In brief

Vancouver and national news


It’s been almost two years since a group of lesbians and another woman were allegedly bashed outside a Flygirl dance at 7 Alexander St in Gastown. Now, the three young men charged in connection with the July 2001 case are finally going to trial. (They were ordered to stand trial last May, after a provincial court judge found there was enough evidence to proceed at their preliminary enquiry.) Dalvinder Khabra will now stand trial on four charges: assault, sexual assault, assault causing bodily harm, and obstructing a police officer. Najwinder Nangal will face one charge of assault causing bodily harm and another of obstructing a police officer. And Sukhdeep Khela is facing one charge of assault causing bodily harm. Their trial begins May 5 in BC Supreme Court, 800 Smithe St, at 10 am. Queers are encouraged to attend to demonstrate the community’s abhorrence of gay-bashing.


Accused drugger-thief Sean Anthony Cole (aka Dallas) has been found guilty on one count of theft. Cole was arrested in February in connection with a series of drug-robberies against gay men. He’ll return to provincial court May 6 at 9:30 am, room 305, for sentencing on the first count. He is still facing five more counts of theft, as well as three counts of administering a toxic substance, which he is also expected to deal with on May 6. He is still in police custody.


A planned May 25 unveiling for Vancouver’s new AIDS memorial proved too ambitious, says project chair Ed Lee. Lee announced the unveiling two weeks ago, expecting the six-week construction project to get underway immediately afterward. But the project was still $60,000 short and the Vancouver parks board won’t allow construction to begin until all the money is in place. Lee isn’t too discouraged. “We’ll put our noses to the grindstone to make sure that funding happens,” he says. To make a donation go to:


In a landmark case, the BC Human Rights Tribunal has ordered the government to reimburse a transsexual man for his phalloplasty procedures and compensate him for the discrimination he endured. The ruling found that the government’s Medical Services Plan (MSP) discriminated against Louis Waters, a Female-To-Male man, when it refused to cover the cost of his out-of-province penis construction in full. Waters began seeing a California specialist in 1995 when he couldn’t find anyone qualified to perform the operations in BC. Since MSP was already fully reimbursing transsexual women for their out-of-province sex reassignment surgeries, he assumed it would do the same for him. It didn’t. Instead, Waters was left with $100,000 bill and an incomplete penis. And that amounts to discrimination, the tribunal ruled Apr 14.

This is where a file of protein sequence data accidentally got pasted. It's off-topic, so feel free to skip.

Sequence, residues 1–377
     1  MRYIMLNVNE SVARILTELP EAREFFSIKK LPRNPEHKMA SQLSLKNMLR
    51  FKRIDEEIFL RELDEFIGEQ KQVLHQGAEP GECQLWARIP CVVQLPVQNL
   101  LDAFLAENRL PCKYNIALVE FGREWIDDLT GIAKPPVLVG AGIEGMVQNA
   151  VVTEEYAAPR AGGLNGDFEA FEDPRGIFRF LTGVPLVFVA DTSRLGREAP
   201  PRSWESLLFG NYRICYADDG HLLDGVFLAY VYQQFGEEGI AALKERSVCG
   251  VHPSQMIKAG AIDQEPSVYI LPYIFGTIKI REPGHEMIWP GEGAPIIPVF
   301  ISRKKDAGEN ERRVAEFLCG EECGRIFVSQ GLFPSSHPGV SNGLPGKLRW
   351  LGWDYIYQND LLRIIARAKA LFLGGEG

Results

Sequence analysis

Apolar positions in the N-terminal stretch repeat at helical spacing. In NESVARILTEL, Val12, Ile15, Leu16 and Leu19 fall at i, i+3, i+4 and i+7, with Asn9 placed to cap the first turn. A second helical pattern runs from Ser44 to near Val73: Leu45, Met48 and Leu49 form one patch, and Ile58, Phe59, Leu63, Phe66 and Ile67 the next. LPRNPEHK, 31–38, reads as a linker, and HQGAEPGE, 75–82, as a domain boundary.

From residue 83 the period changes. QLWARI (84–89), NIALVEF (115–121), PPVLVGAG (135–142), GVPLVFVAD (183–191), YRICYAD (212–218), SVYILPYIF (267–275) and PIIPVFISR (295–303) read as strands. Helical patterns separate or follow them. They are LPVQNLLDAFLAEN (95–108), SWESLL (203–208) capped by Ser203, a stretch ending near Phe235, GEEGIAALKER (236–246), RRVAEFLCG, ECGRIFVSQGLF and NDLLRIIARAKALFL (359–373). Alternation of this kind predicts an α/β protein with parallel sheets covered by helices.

In denying Waters access to payment for a service readily available to trans women, MSP discriminated against him on the basis of his sex, ruled tribunal member Judy Parrack. She then ordered MSP to reimburse Waters for the procedures he has already undergone, pay for the completion of his penis, and pay him an extra $6,500 for injuring his dignity. But Parrack stopped short of ordering MSP to cover all phalloplasty operations from now on. That’s because MSP re-classified phalloplasty as experimental a few years ago, after Waters began his operations. Whether or not that classification is in itself, discriminatory is not before the tribunal, Parrack added.



The Vancouver leather community elected new title holders Apr 19. Barney Hickey is now Mr Vancouver Leather 2003 and Stacy Clark is Ms Vancouver Leather 2003. Hickey is also a new member of the Knights of Malta, as is Dame Bird Moses, the first-ever female Knight. Hickey and Clark succeed Brent Covey and Pat Tucker.

In related news, Rick Hurlbut, president of the new Bent Events promotion company, says the show will go on for Mr BC Leather. Doug Gault, who has organized the Mr BC Leather contest for the last seven years through his company, Q2 Productions, postponed this year’s event in January after he had difficulty finding a suitable venue and getting funding.

Now he’s passing the torch to Hurlbut, who is hoping to re-schedule for late August. Stay tuned.

Finally, the new Canadian Leather Alliance is planning to produce Canada’s first national leather contest soon. Vancouver’s representative on the Alliance is Rob Pont, president of Western Canada Leather Pride.


It’s not commonly known that the BC NDP was once a homophobic party. In a 1974 tour of China, for example, Premier Dave Barrett congratulated the communist government for having towns without any apparent “homosexualism.” And minister of labour William King refused in 1972 to include gay rights in an amendment to the human rights act. But Rosemary Brown, the first black legislator in BC, and the MLA for Vancouver-Burrard, kept up the pressure on her own government. And she continued to speak up for gay rights, women’s equality and on visible minority issues throughout a notable public career as MLA, unsuccessful candidate for the federal NDP, and as chief commissioner of the Ontario Human Rights Commission. Brown died suddenly of an apparent heart attack on Apr 26 at the age of 72. Activist Harry Grunsky says, ” It’s important for white queers to realize it was two straight black peoplewho really pushed for our rights-Rosemary Brown andEmery Barnes. It was the white people behind her who were freaked out about it. She was a barn burner.”

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